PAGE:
Contact: Acting Chief Ranger Wendy Bredow, 907-697-2230
Contact: Whale Biologist Chris Gabriele, 907-697-2664
BARTLETT COVE, ALASKA - Glacier Bay National Park and Preserve Superintendent Philip Hooge announced today that a 13-knot vessel speed restriction will be implemented in lower Glacier Bay due to a high concentration of humpback whales in the area. At the same time, the 13-knot vessel speed limit in the middle of Glacier Bay that was implemented on June 2 will be removed. Many of the whales that were feeding in the middle of Glacier Bay have shifted down into lower Glacier Bay, with at least 20 humpback whales currently feeding in lower Glacier Bay. These changes go into effect beginning at 5:00 AM Wednesday, June 29.
As shown on the attached map, the designated lower Glacier Bay whale waters include the waters extending from the mouth of Glacier Bay to a line drawn between the northern tip of Strawberry Island and the northern tip of Lars Island. This boundary is shown on NOAA nautical charts of Glacier Bay.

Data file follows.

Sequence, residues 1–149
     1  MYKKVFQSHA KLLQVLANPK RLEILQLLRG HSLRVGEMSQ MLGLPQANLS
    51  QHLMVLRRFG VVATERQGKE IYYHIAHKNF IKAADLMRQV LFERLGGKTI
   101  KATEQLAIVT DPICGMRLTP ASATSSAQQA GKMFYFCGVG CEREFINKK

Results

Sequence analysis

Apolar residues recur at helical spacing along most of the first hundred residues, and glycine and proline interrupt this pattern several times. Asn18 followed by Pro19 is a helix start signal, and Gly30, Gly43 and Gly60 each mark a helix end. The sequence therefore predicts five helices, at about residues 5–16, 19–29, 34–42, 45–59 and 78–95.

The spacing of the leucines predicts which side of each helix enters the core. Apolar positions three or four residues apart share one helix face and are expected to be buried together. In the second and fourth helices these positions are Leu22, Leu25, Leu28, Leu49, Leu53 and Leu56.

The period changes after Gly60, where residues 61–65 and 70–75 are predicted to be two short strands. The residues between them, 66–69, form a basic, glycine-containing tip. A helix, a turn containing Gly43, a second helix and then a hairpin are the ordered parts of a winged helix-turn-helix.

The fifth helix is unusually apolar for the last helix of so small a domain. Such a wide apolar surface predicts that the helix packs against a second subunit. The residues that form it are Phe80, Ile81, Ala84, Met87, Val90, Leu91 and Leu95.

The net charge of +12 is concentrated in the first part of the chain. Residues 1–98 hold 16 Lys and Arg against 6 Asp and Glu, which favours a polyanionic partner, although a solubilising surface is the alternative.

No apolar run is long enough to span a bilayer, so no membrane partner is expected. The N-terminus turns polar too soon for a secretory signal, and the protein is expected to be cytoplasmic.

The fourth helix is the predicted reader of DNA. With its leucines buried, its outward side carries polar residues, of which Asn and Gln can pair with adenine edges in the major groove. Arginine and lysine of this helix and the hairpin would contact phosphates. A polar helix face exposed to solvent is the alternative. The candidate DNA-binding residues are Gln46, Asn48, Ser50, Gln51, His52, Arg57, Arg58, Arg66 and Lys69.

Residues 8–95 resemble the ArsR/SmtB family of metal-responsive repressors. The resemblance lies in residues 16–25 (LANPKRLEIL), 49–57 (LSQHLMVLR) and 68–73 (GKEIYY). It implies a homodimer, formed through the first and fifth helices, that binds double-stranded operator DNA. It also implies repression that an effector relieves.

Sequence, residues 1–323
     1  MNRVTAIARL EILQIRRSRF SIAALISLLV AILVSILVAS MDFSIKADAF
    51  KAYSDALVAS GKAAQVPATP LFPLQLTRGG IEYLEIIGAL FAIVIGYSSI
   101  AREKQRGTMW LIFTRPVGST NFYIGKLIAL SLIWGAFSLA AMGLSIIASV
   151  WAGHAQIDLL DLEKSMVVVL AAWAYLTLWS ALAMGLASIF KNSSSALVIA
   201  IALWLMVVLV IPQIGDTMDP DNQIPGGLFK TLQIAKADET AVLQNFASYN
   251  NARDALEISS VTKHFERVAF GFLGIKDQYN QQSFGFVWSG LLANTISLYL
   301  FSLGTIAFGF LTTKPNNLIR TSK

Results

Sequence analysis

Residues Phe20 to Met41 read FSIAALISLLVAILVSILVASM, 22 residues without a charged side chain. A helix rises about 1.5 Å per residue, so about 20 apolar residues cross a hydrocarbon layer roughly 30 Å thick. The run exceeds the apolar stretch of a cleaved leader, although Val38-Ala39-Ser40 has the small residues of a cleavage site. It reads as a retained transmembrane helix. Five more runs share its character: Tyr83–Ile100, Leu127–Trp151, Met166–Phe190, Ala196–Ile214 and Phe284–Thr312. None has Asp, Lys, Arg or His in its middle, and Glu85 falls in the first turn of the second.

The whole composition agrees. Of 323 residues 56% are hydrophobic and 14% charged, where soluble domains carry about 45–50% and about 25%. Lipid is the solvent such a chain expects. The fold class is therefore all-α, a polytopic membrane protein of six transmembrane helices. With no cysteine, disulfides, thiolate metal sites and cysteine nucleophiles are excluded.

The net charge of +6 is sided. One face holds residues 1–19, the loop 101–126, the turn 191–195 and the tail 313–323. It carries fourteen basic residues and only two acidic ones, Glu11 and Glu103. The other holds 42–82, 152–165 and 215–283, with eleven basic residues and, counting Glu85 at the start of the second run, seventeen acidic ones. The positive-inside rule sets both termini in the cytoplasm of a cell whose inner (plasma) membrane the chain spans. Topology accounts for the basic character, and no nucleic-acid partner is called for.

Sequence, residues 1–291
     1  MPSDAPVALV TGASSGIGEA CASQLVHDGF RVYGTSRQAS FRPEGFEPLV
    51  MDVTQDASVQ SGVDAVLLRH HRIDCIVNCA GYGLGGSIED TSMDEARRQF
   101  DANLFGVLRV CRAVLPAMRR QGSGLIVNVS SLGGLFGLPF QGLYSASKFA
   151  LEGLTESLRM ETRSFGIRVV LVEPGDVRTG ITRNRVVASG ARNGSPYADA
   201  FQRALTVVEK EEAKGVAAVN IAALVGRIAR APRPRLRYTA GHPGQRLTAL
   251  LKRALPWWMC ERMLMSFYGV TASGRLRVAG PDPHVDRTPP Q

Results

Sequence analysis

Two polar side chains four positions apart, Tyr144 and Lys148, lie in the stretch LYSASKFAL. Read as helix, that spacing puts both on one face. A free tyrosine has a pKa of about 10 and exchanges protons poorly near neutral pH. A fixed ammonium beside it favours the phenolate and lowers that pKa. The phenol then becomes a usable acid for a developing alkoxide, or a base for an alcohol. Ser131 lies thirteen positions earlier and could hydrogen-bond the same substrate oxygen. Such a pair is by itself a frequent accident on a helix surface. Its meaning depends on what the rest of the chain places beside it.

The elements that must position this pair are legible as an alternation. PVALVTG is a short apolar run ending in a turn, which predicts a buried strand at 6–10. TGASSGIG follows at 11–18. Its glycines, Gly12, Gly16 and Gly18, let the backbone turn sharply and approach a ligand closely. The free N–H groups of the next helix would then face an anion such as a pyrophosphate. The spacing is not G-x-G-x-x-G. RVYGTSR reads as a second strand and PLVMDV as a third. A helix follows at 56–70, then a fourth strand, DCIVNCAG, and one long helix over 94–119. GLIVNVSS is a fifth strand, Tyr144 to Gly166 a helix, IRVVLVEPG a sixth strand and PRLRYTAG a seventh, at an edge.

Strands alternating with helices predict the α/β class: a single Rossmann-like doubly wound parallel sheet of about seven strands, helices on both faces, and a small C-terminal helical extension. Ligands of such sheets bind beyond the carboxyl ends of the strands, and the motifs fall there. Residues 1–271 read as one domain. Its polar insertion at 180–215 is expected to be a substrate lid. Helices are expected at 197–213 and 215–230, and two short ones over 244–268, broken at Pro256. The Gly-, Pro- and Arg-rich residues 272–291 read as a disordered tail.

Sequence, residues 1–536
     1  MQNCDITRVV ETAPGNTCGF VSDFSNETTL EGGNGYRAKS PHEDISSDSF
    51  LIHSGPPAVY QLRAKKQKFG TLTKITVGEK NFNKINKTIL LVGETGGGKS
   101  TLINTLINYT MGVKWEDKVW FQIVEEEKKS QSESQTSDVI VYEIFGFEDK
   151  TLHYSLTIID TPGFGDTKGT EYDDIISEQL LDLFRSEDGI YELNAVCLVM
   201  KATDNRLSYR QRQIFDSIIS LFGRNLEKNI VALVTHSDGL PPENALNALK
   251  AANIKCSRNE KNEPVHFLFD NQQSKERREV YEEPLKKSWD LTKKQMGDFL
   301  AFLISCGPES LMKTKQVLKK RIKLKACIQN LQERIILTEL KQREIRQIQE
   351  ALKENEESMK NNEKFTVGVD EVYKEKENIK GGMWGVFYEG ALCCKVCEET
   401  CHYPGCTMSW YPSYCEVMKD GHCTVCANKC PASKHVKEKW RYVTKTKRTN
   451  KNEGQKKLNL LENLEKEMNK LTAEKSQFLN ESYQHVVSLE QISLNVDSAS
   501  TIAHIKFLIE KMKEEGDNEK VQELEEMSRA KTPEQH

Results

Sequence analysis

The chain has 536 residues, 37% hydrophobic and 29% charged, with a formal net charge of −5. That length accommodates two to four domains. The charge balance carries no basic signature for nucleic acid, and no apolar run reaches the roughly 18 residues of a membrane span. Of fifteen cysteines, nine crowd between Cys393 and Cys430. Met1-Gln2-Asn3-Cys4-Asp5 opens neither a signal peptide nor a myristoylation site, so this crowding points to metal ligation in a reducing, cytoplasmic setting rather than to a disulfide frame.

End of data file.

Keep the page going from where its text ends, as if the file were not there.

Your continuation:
Boaters should proceed cautiously in all areas where whales may be present because whales may surface in unexpected locations, posing a hazard to both the vessel and the whale. Vessels are prohibited from operating within ¼ nautical mile of a humpback whale in park waters, including those park waters outside Glacier Bay proper. In addition, vessel operators positioned within ½ nautical mile of a humpback whale are prohibited from altering their course or speed in a manner that results in decreasing the distance between the whale and the vessel. Speed and course restrictions in whale waters are intended to reduce the disruption of feeding humpback whales and to lower the risk of whale/vessel collisions, as authorized by Title 36 of the Code of Federal Regulations, Subpart N, 13.1174.
Mariners are advised to verify whale waters designations prior to entering Glacier Bay by telephoning (907) 697-2627 or by contacting KWM20 Bartlett Cove on marine VHF radio.Printer-friendly PDF version
Last updated: June 28, 2016